“East African Literature was very vibrant then,” he remembers, “in spite of its censorship by Idi Amin in Uganda, and Jomo Kenyatta here at home. Writers’ criticism of their governments was open. Dhana Literary Magazine in Makerere was unbeatable! It was a platform for the exchange of ideas.”
Leaving Makerere in 1975, the don was posted to teach at Kakamega High School. His stay there ended in 1976 when he joined the University of Nairobi on a Norad masters scholarship, a course he completed in 1978. But life took an unexpected twist. “I had my Masters degree,” he says with irony. “But there was no new job for me! I grudgingly accepted a Teachers Service Commission re-posting to Butere Girls High School. I think ethnic ideology did not want to see me at the University of Nairobi.”
He recalls an unlucky day for him in 1979, when girls at the school went on the rampage, and nine acres of sugarcane went up in smoke.
“I will never forget the day,” he says. “I discovered that the human heart is a dark place indeed. Why? I had literally saved my headmistress from the students, but after the strike, she blamed me for the confusion and sought to have me transferred to a little-known school somewhere in the flood-ravaged Budalangi!”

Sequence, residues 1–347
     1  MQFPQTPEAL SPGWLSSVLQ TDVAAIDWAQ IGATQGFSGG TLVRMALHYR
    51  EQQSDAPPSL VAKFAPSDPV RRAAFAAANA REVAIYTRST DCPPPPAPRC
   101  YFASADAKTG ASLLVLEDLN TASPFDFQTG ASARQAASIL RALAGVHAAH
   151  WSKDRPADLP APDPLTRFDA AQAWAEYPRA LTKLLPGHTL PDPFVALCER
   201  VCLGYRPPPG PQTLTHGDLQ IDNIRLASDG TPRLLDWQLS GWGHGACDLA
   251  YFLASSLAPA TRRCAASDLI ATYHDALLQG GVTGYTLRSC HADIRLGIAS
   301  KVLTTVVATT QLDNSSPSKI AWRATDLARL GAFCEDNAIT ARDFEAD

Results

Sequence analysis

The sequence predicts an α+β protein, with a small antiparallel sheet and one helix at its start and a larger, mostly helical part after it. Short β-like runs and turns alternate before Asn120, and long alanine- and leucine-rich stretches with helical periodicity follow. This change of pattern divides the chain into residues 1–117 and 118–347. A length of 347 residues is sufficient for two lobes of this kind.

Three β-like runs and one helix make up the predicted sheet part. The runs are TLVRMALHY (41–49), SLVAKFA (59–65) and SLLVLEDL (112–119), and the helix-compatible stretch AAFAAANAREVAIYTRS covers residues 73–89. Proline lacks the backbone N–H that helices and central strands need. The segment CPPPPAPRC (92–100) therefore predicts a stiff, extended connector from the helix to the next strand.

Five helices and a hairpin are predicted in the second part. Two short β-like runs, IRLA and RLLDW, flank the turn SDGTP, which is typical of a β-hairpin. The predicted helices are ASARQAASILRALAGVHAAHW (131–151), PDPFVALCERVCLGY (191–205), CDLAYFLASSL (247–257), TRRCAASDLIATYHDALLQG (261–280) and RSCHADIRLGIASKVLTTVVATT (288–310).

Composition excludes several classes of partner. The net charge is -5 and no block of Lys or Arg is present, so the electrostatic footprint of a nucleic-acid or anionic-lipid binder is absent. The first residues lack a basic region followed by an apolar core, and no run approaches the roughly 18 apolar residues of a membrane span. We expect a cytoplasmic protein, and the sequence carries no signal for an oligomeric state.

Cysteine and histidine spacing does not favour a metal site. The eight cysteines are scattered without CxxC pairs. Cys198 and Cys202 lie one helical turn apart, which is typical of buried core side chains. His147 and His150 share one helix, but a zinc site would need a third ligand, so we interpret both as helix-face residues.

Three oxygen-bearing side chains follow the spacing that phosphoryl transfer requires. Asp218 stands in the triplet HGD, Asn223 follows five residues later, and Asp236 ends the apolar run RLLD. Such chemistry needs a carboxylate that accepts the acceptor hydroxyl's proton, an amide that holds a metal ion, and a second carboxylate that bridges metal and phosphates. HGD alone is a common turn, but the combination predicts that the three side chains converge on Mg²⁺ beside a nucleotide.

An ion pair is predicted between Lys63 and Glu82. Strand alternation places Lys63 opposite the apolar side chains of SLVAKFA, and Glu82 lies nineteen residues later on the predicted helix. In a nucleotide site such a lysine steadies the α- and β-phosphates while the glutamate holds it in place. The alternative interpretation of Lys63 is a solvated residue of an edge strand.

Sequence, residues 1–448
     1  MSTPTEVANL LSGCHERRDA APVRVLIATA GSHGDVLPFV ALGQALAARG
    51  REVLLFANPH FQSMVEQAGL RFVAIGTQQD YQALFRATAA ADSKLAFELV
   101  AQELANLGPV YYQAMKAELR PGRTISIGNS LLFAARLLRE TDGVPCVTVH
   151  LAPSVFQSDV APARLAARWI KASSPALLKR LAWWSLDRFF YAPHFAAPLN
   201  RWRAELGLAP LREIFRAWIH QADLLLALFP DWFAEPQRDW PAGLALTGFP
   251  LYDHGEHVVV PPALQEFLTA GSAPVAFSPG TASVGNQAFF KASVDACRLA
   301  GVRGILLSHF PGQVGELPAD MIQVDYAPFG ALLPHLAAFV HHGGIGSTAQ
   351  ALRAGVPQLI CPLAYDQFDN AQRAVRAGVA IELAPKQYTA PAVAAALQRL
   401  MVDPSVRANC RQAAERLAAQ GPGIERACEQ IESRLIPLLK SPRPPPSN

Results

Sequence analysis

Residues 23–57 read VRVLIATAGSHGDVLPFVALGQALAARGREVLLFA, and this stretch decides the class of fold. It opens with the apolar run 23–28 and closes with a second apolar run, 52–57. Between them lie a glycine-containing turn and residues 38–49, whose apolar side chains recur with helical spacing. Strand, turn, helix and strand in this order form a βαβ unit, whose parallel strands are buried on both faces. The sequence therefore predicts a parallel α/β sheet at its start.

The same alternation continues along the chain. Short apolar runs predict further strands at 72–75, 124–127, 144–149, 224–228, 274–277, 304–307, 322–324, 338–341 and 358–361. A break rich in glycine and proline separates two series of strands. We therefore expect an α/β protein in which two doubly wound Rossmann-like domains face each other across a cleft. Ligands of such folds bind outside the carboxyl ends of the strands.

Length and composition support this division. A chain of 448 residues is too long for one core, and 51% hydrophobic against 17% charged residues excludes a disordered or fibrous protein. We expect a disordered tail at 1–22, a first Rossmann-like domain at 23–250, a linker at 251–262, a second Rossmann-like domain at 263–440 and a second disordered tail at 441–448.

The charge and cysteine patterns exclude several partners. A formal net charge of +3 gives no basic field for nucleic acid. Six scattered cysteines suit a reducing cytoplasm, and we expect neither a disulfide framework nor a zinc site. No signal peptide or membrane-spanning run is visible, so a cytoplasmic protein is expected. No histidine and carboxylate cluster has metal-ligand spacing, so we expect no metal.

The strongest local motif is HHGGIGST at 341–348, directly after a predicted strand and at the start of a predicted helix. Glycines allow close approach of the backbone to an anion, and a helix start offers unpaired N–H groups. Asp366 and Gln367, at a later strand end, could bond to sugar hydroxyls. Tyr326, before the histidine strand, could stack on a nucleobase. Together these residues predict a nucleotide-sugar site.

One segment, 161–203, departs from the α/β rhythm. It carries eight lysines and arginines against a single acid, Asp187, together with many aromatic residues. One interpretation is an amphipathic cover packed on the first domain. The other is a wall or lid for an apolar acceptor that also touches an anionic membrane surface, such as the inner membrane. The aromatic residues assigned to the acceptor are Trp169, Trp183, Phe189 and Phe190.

But on the very day that Amateshe was walking to Kakamega Provincial Education Office to finalise the humiliating transfer, a Mr Avedi (then Kakamega High School principal) spotted him.
“It was Mr Avedi who saved me. I heard someone shout, ‘Heh, Amateshe, what is the problem?’ I explained my misfortune, and Avedi literally walked me to the Provincial Education Officer and pleaded my case. I was re-posted to his school —Kakamega High— with a salary increment of Sh200.”
Then came the tumultuous year of 1982, and Amateshe was still whiling away his time at Kakamega High when a newspaper advert caught his attention. Kenyatta University was offering a job. “I made simultaneous applications; one to the Department of Literature under Dr Jane Nandwa; and another to the Department of Education under Dr Jonathan Olembo. Nandwa grabbed me fast.”
Life at Kenyatta University would have been heaven for Dr Amateshe, but for his association with the Mwakenya Movement in 1984, an underground outfit believed to have been opposed to Kanu’s autocratic rule.